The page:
protection against at risk behaviors
The purpose of this page is to show some of the wide array of results after school programs foster for scholars, their families, and their communities.
Parents and Officials please find a sampling of resources and research that explore the benefits of afterschool programs below.
Executive Director of the nonprofit Afterschool Alliance
A 2020 evaluation by the Georgia Department of Education found that, based on teacher surveys, more than 8 in 10 21st CCLC (21st Century Community Learning Center) students regularly participating in the program improved their homework completion (85%) and classroom behavior (82%). An overwhelming majority of students in the program (89%) and parents (96%) surveyed reported that they were satisfied overall with their 21st CCLC program.
Here are just a few benefits parents and students receive via Afterschool programs. Please find many of the research and reports that back up these listed benefits below.
After school programs can re-introduce creativity back into those important daily routines, giving kids that outlet to innovate, explore, and again, build confidence, and what’s more, have fun…
Attending afterschool programs leads to improvement in class participation, better adjustment as young people move to the next phase of schooling, increased school day attendance and participation, and reduced school dropout rates.
Increased adult supervision makes youth feel safer and reduces instances of being left unsupervised with peers out of school. Also promotes personal safety and decreases risky behaviors such as smoking or drug abuse, but also creates an environment where young people learn better and are able to thrive.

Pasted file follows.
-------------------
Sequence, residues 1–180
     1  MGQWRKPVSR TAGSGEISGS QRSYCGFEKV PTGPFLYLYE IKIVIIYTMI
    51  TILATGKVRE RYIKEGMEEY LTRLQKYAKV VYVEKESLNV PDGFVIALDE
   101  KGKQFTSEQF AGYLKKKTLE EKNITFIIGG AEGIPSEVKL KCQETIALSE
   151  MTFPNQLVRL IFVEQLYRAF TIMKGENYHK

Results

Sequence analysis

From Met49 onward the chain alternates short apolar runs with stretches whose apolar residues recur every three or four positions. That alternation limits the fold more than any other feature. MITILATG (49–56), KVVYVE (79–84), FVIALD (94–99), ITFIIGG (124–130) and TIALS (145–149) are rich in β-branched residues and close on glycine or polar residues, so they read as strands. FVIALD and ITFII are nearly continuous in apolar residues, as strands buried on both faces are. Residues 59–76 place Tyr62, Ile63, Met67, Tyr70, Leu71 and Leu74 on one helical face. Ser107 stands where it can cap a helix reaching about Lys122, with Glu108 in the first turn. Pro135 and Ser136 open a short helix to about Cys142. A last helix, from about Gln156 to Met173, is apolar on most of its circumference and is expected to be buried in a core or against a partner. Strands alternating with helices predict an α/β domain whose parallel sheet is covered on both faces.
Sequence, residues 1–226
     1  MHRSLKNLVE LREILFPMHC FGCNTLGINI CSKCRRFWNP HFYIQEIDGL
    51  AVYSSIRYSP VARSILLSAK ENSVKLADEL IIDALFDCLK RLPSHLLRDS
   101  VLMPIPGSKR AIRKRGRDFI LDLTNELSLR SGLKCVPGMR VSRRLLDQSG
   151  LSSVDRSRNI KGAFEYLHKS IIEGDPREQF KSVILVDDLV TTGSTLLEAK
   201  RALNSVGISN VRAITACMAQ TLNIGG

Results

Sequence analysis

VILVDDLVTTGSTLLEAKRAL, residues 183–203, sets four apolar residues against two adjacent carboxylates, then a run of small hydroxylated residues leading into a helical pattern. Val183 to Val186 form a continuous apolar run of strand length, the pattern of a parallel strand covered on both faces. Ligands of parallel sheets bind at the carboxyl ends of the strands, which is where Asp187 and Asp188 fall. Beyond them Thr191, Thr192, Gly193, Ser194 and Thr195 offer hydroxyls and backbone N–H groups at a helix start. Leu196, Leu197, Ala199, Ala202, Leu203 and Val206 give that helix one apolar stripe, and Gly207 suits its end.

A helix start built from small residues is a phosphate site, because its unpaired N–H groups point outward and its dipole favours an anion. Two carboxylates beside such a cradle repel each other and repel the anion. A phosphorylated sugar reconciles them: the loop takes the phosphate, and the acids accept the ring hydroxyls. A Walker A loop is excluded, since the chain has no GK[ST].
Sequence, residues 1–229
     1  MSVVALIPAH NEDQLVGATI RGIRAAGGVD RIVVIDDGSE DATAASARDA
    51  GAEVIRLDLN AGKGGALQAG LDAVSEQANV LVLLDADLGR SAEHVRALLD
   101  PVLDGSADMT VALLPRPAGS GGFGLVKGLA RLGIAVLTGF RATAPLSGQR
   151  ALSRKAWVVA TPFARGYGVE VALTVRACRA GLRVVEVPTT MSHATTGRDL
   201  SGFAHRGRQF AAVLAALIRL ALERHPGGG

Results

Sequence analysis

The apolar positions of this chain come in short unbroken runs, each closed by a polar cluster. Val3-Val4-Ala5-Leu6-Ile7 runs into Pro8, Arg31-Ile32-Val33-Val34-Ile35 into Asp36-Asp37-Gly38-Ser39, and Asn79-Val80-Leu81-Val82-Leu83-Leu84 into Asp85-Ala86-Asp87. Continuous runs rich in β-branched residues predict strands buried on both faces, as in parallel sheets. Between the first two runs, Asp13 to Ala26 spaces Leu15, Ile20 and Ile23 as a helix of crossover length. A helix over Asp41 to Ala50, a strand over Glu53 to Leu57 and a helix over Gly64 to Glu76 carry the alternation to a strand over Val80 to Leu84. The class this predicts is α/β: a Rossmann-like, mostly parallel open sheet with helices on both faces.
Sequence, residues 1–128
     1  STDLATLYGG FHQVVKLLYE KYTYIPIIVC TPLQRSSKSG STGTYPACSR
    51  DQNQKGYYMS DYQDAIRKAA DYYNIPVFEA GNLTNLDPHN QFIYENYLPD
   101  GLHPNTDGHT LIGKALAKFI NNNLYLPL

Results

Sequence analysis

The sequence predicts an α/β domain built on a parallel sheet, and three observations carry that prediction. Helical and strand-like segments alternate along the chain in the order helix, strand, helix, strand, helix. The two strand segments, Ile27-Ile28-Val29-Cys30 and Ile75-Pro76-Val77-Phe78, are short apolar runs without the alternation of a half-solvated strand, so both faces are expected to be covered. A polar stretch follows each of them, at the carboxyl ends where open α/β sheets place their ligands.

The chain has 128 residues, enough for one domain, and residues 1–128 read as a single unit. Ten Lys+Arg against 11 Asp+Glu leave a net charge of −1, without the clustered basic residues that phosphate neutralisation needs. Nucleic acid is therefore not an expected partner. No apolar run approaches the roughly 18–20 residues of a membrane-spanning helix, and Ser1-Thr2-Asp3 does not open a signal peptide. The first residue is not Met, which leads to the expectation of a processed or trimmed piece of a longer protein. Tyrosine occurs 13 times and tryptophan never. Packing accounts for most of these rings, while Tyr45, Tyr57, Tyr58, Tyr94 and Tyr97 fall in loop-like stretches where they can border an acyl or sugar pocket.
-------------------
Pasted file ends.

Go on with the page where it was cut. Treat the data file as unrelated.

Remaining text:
Afterschool programs can also improve young people’s dietary snack consumption and provide a monitored outlet for exercise, activities and games that improve the health and fitness of children.
Getting homework done after school can make everyone’s evening more pleasant.
Programs employ teachers or aides who are equipped to handle kids who struggle with homework.
Builds interest in Science, Technology, Engineering, Arts, and Math fields. Students have a long-lasting opportunity to learn about and experiment in a variety of subjects that align with their passions and interests.
When students are able to gain experience and build confidence in an area they actually want to pursue as a career, like coding or robotics, that confidence can have a greater impact.
Kids in afterschool programs are more likely to be included and feel like they’re part of a group. These programs often have more adult supervision than playground time offered during recess or P.E.
It’s a fun and meaningful way for kids to work with other kids in areas they enjoy. Programs may also offer arts options like drama and music, which can help kids find new interests.
Please find links to several research documents and specific results that underscore the benefits of afterschool programs in this section. Please find three links below for time saving specialized reports that cover a very wide swath of data related to Afterschool Programs results (over 70 research studies).
Sustained participation in high-quality afterschool programs in early grades yields benefits that last into adolescence.
Consistent participation in afterschool builds students’ confidence in interacting with adults and peers, which bodes well for their future success.
View Full Study: https://www.nichd.nih.gov/research/supported/seccyd/overview
Effective afterschool programs provide learning settings that bring a wide range of benefits to youth, families, and communities. Afterschool programs can support social, emotional, cognitive, and academic development, reduce risky behaviors, promote physical health, and provide a safe and supportive environment for children and youth.
Afterschool programs also provide a significant return-on-investment, with every $1 invested saving at least $3 through increasing youth’s earning potential, improving their performance at school, and reducing crime and juvenile delinquency.
Created by Federal Government